My brother bought it, a '94 Nissan Altima, when I was a junior in high school. It was the first time we had a kid car, and it wasn't even that. It was Bri's car, I just got to drive him to work in it. Then seminary, then school, and back to pick him up again. Gray-blue, inside and out. It smelled like musky aftershave--someone's desperate attempts to cover up the cigarette smell while the burns on the front passenger seat were left to fend for themselves. It was a stick and had a little bit o' pick-up. It had pep. Kinda like a retired race horse, they never really loose their sprint. It was fast, especially for a sedan. I loved driving that car. Bri left on his mission and his car became the official, unofficial kid car. We took a few liberties. Although I'm pleased to report that it survived his mission and Bri wrecked it sometime after he got home...he wasn't at fault.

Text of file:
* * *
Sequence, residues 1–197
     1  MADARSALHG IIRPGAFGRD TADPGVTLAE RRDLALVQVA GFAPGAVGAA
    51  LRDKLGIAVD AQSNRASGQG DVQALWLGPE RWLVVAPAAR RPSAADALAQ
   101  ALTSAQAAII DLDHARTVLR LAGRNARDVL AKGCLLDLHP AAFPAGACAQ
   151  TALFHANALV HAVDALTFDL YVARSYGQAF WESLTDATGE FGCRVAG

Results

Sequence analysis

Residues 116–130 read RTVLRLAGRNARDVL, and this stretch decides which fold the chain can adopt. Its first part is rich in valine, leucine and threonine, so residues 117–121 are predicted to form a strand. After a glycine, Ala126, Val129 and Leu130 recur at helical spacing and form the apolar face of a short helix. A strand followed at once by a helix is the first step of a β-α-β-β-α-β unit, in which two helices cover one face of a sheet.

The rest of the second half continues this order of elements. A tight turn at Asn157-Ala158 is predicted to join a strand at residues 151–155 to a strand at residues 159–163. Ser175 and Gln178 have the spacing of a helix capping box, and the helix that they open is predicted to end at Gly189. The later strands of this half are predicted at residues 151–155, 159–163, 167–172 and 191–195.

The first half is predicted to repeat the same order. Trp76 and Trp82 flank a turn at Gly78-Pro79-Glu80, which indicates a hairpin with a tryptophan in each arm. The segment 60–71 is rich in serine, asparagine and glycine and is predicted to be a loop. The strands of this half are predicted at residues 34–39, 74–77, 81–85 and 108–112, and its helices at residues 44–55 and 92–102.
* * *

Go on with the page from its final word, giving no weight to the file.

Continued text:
One wintry day, post seminary, sitting in the church parking lot I waited for everyone else to clear out. A couple hundred yards of snow and ice covered blacktop lay stretched out before me. Unaffected. Unscathed. Hushed and taunting. Some temptations are irresistible. I knew the potential of that white top and my bowling ball bald tires. When my brothers had piled in, I brought that engined to life and felt the anticipation of a couple hundred horses braying beneath my bare hands. I gripped the wheel and the stick, smiling, as a turned to my brothers, one in the front and one in the back, "Buckle up boys," I said, "we're going for a ride."